How is one to understand Marx’s claim that Aristotle’s greatness is his discovery of the value form, despite Aristotle’s inability to fully grasp it, because Greece was a society based on slave labor? In this paper I propose that there is in fact something more going on here than psychology, ‘prejudice’ or ‘false consciousness’. I take up Sohn-Rethel’s notion of ‘real abstraction’ to elucidate Marx’s reading of Aristotle’s comments on value and give an account of why it is that the latter literally could not discover the truth of the value-form in his time, or why this could be true as well as Marx’s later claims. My thesis is that the disparate elements which Aristotle saw as able to be made equivalent, by way of a cognitive abstraction, were indeed not actually equivalent at that time. In Capital Marx states, all commodities held in a certain proportion are equivalent in value. But this equivalence is not a ‘natural’ equivalence rooted in the bodily properties of the objects, as objects have not always been ‘commodities’. They are not equivalent ‘in themselves’ – it is the metaphysical character of capital that does this. By being mediated through the commodity chain of an economy and being held up side by side with labor-power in the capitalization process, these objects are made equivalent in the commodity flux. Thus equivalence that occurs conceptually in reflective theoretical consciousness is the judgment of a result of a practical equating process or ‘real abstraction’. The latter goes on ‘off the radar’ of any given consciousness, making the result appear as ‘always already there’. In relation to real and cognitive abstraction, my conclusions will have significance for any universal notion of humanity as bearer of ‘human rights’, but also for the labor theory of value, having largely remained content with a merely cognitive abstraction theoretically.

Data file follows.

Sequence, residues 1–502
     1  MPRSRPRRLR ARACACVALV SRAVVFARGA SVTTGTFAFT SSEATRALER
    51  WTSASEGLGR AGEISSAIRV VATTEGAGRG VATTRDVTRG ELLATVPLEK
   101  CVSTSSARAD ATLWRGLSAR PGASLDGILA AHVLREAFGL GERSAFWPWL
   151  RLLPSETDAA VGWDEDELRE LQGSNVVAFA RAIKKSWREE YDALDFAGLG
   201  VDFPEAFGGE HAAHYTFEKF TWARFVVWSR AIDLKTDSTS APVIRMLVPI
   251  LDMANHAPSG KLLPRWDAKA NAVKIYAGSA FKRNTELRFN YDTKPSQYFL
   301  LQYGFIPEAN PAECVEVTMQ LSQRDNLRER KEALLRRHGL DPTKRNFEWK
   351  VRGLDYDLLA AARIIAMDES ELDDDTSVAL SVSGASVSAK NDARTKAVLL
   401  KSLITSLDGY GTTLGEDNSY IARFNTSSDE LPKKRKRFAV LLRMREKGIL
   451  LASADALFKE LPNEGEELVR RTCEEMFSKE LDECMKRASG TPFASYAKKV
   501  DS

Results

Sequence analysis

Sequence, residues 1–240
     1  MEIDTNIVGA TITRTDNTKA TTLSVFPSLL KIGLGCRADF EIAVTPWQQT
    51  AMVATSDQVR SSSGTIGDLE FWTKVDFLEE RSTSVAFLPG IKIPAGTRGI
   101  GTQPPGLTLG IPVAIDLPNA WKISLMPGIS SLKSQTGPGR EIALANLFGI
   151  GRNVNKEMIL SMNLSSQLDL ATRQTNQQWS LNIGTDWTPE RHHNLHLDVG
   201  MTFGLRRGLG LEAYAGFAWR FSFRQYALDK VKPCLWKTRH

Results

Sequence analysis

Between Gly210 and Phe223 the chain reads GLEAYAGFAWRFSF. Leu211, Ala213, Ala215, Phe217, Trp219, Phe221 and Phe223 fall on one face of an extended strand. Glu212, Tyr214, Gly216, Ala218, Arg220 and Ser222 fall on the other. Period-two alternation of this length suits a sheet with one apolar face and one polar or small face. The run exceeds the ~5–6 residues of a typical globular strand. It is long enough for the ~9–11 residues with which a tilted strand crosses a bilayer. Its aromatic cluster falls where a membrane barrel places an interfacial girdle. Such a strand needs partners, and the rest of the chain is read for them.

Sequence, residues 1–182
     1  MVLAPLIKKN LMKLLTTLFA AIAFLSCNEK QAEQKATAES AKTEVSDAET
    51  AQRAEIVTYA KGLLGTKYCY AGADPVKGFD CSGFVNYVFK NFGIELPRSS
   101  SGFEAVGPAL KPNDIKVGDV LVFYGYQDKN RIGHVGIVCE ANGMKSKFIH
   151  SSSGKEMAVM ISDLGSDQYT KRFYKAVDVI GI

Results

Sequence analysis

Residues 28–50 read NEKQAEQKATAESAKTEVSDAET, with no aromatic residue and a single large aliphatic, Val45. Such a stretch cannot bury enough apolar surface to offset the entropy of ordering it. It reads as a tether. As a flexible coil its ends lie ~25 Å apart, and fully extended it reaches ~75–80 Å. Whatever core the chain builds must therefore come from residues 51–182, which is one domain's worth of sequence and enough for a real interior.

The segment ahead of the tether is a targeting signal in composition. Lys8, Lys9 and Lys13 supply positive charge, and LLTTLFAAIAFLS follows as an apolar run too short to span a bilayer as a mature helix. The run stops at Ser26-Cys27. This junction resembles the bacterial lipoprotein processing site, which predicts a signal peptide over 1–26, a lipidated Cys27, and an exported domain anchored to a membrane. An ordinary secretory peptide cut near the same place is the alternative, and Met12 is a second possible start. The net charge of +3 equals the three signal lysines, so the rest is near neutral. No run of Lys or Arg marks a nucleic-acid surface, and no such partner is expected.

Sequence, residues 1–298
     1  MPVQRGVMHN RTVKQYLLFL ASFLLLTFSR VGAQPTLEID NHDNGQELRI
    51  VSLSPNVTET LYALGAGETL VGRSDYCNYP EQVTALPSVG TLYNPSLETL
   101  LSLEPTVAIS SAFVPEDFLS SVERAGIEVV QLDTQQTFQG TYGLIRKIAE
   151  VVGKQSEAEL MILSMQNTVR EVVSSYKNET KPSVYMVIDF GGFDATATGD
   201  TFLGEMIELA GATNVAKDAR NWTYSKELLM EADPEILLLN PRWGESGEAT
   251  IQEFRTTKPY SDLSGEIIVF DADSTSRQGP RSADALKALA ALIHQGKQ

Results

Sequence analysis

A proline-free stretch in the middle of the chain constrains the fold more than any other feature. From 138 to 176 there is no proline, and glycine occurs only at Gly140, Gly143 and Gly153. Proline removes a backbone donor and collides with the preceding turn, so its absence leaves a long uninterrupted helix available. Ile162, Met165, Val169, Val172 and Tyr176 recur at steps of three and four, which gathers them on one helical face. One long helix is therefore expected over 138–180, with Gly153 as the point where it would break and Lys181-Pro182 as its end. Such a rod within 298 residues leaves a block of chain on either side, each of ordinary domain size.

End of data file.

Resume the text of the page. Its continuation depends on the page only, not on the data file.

The fetish character of the commodity and fetishism